A Biblical View of Politics

My kingdom is not of this world.  –John 18:36

I’ve recently got into the habit of reading the daily newspaper online. Political and football news always seem to take center stage. In response to that, Jesus said, “My kingdom is not of this world.” The meaning of this statement is pretty simple. But so many of the Religious Right Christians out there fighting the battle against abortion and gay rights, which are both extremely bad sins that need to be done away with, I think often lose sight of the larger issues: such as living by faith in the Gospel, experiencing life in the Holy Spirit, and developing personal ethical standards. They get wrapped up in politics, and they forget the words of Jesus, which in effect were, “Politics are not My thing,” or “the U.S. government is not of the Gospel,” or how about, “My heavenly kingdom is not of the world of politics.”

Jesus wasn’t into politics. They tried to make him a king once, but he ran away into the mountains. The only times he said anything about government leaders, it was either satirical, disinterested, or rebuking. Herod he called a fox: a predatory animal that only comes out at night, often a symbol of a sly deceptive person. Pilate he corrected, saying that all of his political authority was given to him from God up above. And he’ll admit that, with Paul, that governmental authority does come from God (Rom. 13). But that’s about it. He does not go to say that world governments are of God, or godly, or even suggest that governments have anything to do with the Gospel or life in the Holy Spirit.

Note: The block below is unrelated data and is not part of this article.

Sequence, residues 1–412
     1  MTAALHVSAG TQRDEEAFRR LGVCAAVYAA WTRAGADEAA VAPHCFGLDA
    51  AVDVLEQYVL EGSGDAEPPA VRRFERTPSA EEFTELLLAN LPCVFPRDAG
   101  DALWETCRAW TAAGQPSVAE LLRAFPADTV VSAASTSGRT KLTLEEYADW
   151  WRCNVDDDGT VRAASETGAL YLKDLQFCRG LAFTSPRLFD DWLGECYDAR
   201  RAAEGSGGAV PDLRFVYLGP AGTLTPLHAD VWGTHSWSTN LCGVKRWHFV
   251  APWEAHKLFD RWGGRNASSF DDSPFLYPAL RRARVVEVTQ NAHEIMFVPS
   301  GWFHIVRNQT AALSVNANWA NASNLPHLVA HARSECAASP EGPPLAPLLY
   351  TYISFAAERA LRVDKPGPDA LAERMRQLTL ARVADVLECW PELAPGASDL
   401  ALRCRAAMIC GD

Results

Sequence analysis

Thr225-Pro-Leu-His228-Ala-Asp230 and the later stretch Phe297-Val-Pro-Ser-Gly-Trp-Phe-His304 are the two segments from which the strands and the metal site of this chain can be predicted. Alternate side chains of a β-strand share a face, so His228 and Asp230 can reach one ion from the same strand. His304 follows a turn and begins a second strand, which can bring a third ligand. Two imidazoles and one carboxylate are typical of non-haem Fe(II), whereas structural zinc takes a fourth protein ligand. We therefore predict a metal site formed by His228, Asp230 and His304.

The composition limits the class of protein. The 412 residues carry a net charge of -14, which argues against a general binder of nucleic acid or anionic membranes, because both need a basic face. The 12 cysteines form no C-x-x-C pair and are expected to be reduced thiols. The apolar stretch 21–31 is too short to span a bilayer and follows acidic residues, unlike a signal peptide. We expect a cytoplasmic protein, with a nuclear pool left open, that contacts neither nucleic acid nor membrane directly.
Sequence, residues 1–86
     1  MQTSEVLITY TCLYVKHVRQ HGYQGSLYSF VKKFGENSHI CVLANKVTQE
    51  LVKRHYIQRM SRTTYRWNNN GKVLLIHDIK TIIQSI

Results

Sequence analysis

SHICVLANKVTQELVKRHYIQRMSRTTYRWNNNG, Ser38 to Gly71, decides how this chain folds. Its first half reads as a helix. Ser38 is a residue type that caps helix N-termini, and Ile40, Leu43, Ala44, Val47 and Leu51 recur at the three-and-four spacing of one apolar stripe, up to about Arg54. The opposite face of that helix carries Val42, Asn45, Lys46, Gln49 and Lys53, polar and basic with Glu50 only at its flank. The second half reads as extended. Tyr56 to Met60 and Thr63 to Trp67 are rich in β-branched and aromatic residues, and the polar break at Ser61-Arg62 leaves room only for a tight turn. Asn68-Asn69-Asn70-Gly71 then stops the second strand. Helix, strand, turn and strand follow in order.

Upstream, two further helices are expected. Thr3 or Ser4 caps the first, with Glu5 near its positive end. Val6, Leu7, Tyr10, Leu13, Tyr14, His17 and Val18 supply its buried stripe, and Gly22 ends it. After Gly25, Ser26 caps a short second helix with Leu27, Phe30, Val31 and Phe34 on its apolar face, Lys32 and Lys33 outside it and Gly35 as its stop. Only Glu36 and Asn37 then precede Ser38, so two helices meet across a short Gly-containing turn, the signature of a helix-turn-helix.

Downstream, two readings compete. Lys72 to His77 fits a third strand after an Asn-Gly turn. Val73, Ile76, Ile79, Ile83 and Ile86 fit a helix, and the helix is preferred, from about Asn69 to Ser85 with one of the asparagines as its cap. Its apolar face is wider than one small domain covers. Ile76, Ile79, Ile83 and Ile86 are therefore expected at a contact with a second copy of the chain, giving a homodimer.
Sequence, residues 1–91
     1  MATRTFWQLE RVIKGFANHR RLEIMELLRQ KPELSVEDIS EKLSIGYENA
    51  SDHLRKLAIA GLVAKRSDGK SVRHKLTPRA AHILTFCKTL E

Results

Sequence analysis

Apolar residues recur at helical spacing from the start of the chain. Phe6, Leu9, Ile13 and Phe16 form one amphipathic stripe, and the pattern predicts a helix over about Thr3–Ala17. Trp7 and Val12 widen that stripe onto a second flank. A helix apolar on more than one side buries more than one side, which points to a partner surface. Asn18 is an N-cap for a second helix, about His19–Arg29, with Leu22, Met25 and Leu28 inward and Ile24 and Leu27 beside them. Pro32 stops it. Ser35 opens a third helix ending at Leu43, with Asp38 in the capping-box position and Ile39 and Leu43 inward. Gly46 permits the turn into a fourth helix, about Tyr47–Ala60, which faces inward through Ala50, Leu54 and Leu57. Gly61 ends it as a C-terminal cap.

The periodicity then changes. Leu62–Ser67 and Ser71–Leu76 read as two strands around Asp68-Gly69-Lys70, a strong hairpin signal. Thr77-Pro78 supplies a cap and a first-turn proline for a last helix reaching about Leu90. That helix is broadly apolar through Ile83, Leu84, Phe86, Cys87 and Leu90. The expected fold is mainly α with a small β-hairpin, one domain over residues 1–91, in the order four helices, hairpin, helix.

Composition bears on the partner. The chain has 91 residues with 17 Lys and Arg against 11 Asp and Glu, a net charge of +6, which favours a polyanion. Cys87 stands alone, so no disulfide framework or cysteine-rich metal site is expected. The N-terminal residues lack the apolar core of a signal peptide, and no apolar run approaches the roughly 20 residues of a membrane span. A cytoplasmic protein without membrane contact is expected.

Separation of church and state? Was Jesus about that? You kind of get the idea that he was—if not legally, then at least practically so far as what Christians should be dwelling on, on a day to day basis. I’d think that today, Jesus would be focused more so on what the Southern Baptist, Assemblies of God, United Methodist, and other evangelical churches are doing right now, and how their missions are being carried out. I think Jesus cares about that 90% more than he does about what is going on in Washington D.C. Not that he doesn’t care about the government at all. Sure he does, but it definitely comes out as a secondary or maybe even tertiary issue in the Gospels of Matthew, Mark, Luke, and John.

Jesus cares more about missionaries than politicians. Of that I can be sure. Does he love them more? Maybe. Did he love John more than the other disciples? Maybe. Peter, James, and John were in His inner circle. What about the other apostles? Or about Judas Iscariot, whom he called a devil? God loves everybody. Jesus died for everyone. But not everyone repents from their sins and puts their trust in the cross for their salvation. Not everyone embraces their own cross either. I think God feels more of an affinity for those who care about His evangelistic cause on the earth: living out and preaching the Gospel. Not so much for those who lobby for Republicans and Democrats. Not at all. I don’t see Jesus having much in common with those types of people at all.

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